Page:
The Medicaid team at Blue Cross and Blue Shield of Texas helped connect more than two dozen members with services during the recent winter deep freeze that left millions of residents, including most of the team, without power, water or both.
Before temperatures plunged, the team began reaching out to families of more than 200 of BCBSTX’s most vulnerable members — mostly children — to make sure they had electricity needed to operate lifesaving ventilators and feeding pumps, as well as bottled oxygen. That outreach continued as the freeze enveloped the state even though many Texas Medicaid team members had limited or no access to power or internet services during one of the coldest weeks in the state’s history.
Despite these challenges, the team worked with colleagues in clinical, outreach and network services and pharmacy operations to help provide 35 members with services, including hotel rooms, transportation, food, money and gift cards to help them stay safe until they returned home, says Sara Daugherty, Texas Medicaid executive director.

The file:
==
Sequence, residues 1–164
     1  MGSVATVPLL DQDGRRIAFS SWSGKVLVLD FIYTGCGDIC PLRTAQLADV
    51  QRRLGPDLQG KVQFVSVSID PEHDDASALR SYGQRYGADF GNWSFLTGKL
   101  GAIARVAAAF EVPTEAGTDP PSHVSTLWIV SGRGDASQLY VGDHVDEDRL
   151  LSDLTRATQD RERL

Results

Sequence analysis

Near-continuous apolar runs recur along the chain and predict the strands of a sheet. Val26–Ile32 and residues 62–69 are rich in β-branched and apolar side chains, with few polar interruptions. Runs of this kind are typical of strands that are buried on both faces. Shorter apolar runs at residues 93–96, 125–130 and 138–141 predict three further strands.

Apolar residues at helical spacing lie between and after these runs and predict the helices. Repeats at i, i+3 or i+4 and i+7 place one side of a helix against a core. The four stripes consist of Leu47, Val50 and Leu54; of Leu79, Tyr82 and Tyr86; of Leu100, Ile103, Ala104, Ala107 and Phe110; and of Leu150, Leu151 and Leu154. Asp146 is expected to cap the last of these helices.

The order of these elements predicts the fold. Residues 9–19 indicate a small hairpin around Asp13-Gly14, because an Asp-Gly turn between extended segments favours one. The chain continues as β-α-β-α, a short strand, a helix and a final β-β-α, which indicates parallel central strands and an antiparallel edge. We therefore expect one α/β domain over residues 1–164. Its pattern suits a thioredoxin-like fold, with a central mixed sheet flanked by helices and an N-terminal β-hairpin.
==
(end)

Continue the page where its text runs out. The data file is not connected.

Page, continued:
“It was a great team effort,” says Kevin Worwood, director of Texas Medicaid clinical operations, whose home also was without power and water during that week. “We knew firsthand what was happening to our members, and we still had people reaching out to them.”
Nurse Po Madsen, a Medicaid medical management specialist for BCBSTX, and a network of colleagues, friends and acquaintances helped locate and arrange services for a family with a 5-month-old requiring oxygen. The family, whose home was without the electricity much of that frigid week, burned wooden toys to keep warm and rationed bottled oxygen the infant born with premature lungs needed to survive.
Madsen’s network of contacts donated firewood and oxygen to the family, and BCBSTX arranged for a hotel room. Meantime, power was restored to the family’s home and they declined services.
For Madsen, who works with families of medically fragile children, the outreach she provided to the family and other Medicaid members was all part of her job to help keep members safe and stand with them in a disaster.
“You just don’t have time to think when there are urgent needs, and we all pulled together as team,” Madsen says. “As a team, we became closer working during a crisis, and our team effectiveness in meeting our members’ needs was enhanced.”